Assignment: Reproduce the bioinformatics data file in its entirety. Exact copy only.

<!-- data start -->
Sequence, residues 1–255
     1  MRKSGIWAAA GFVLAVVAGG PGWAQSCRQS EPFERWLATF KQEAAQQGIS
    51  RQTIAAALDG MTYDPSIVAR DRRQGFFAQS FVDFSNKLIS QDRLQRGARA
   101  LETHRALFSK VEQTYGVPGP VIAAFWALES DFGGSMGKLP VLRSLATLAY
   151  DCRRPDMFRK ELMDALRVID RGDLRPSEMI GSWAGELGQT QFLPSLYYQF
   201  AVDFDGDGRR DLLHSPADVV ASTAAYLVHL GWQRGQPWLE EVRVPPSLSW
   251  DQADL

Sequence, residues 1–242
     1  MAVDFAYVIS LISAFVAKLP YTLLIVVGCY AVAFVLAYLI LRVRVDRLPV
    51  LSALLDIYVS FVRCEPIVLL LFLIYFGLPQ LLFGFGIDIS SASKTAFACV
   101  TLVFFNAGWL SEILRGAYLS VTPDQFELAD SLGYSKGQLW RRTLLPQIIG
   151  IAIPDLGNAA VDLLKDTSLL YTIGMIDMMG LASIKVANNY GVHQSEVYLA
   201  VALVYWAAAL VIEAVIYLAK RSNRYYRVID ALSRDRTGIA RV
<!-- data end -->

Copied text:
Sequence, residues 1–255
     1  MRKSGIWAAA GFVLAVVAGG PGWAQSCRQS EPFERWLATF KQEAAQQGIS
    51  RQTIAAALDG MTYDPSIVAR DRRQGFFAQS FVDFSNKLIS QDRLQRGARA
   101  LETHRALFSK VEQTYGVPGP VIAAFWALES DFGGSMGKLP VLRSLATLAY
   151  DCRRPDMFRK ELMDALRVID RGDLRPSEMI GSWAGELGQT QFLPSLYYQF
   201  AVDFDGDGRR DLLHSPADVV ASTAAYLVHL GWQRGQPWLE EVRVPPSLSW
   251  DQADL

Sequence, residues 1–242
     1  MAVDFAYVIS LISAFVAKLP YTLLIVVGCY AVAFVLAYLI LRVRVDRLPV
    51  LSALLDIYVS FVRCEPIVLL LFLIYFGLPQ LLFGFGIDIS SASKTAFACV
   101  TLVFFNAGWL SEILRGAYLS VTPDQFELAD SLGYSKGQLW RRTLLPQIIG
   151  IAIPDLGNAA VDLLKDTSLL YTIGMIDMMG LASIKVANNY GVHQSEVYLA
   201  VALVYWAAAL VIEAVIYLAK RSNRYYRVID ALSRDRTGIA RV